Why the effort? The time? The teeny tiny objects? Because 100 days of school marks so-very-much.
100 days of good byes. 100 days of books. 100 days of secrets. 100 days of giggles. And 100 days of skinned knees and tears and band aids.
The 100th day of school is a BIG deal for the under six set. And Chloe is no exception. Her 100th day of preschool is, indeed, a big deal at our house. But more of the lower case kind because for my middle child? I’ve so gotten wise to the 100th day of school poster project.
100 photos to pick, print, cut and glue? No.
100 little rocks to sort, glue, pick off, wash off, and put safely back in the “Special Box” (And by “special” I mean dirty, dirty outside things)? No.
100 legos to glue and explain why they’re missing to Brody? Um, no.
We went with 100 stickers. Peel and stick, baby. Peel and stick. Chloe, Brody and I worked on the poster while we waited for Kayli’s dance class to end and Chloe’s dance class to start. We peeled. We stuck. We counted. We repeated. And when we were done, she was so, so-very-PROUD.
All we’ve heard about this week is the 100th day of school. Because Chloe knows that this is her IMPORTANT day.
It’s a commemoration and a reminder of days gone by. Of getting bigger. Of becoming more independent. Of becoming a KINDERGARTENER.
All of the goodness and fun and celebrating got me thinking about life cycle events, (BIG ones, big ones and small ones) and how we celebrate them. There’s so very much to commemorate, isn’t there?
Baby showers, birthdays and holidays. Baby namings, brises, bat and bar mitzvahs. Weddings, anniversaries and divorces. Weight loss, new hair cuts and new jobs. New boyfriends, first dates and first kisses. Break ups, heart-aches and disagreements. Rejections, let downs and weight gains.
In Judaism it seems like we’re always one step ahead of ourselves in our holidays, preparations and celebrations. We barely get things cleaned up from one holiday and we’re already menu planning for the next one. Smaller, more everyday occasions get our attention, too.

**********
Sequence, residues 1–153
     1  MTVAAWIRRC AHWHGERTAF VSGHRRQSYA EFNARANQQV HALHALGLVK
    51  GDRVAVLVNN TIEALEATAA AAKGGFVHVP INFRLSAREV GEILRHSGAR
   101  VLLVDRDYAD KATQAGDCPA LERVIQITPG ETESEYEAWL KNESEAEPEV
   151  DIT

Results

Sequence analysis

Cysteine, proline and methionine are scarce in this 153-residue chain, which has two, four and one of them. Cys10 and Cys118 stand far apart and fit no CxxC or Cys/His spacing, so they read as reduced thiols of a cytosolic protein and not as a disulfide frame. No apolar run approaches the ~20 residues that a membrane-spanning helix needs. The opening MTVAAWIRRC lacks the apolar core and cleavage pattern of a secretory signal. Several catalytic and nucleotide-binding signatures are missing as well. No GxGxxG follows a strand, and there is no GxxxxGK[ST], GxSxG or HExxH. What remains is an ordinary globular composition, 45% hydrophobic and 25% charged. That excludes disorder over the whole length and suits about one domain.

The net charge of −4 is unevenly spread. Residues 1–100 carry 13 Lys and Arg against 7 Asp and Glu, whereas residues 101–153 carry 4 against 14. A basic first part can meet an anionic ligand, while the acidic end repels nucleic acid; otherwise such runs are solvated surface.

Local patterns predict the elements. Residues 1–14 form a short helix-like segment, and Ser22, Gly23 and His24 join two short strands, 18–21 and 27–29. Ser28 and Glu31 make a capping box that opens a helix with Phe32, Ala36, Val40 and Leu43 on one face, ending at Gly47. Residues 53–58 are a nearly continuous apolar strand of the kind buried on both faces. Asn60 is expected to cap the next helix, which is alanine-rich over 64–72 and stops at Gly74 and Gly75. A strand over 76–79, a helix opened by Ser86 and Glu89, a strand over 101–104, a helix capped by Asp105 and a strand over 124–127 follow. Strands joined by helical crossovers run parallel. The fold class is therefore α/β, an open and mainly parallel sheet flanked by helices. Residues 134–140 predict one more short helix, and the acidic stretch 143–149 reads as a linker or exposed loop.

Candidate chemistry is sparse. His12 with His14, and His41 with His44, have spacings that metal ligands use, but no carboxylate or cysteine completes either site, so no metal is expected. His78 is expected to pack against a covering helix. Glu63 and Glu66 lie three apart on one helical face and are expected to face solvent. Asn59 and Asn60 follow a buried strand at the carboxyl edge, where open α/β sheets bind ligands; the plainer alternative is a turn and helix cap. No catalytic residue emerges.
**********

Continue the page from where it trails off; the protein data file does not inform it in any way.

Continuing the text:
My Jewish Learning says, Though Judaism has long focused on rituals for major life events like birth, marriage, and death, contemporary communities have developed both public and private ways of acknowledging other major lifecycle events, from miscarriages to leaving for college to healing from abuse.
And I love that. Some life cycle events are meant to be savored alone. And some require your tribe to whoop it up with you, or sop up the tears for you. Either one is fine. And I’m so glad that as a community we recognize this necessity. Because whose to say which life cycle events are special?
Is it the inner satisfaction of a goal attained? The praise? The thrill? The something new? The history they honor? The stories they tell? The moments they hold onto? The people? The community? The common bond? The hugs? The handshakes? The pats on the back? The squeeeeels? The knowing looks? The big hugs?
For Chloe is it knowing that she went to school for 100 days? That she learned 100 things? That we were celebrating her accomplishments at home? That her teachers and friends were taking a day out from the norm to do something special at school? Giving her the go ahead to use a whole lot of glue? Is it just getting bigger? Stronger? Smarter? More independent? More like Kayli?
It’s probably all of these bits and pieces all rolled up into one BIG emotional ball. Happy and smiley on the outside. Wistful and grasping at the little moments on the inside.
I look at my girl, so big. So proud. So 100 days-ish. And all I can think is I’ll celebrate with you and I’ll do it BIG. But inside, in my heart of hearts, my BIG voice is saying, Don’t get big. Stay small. Please?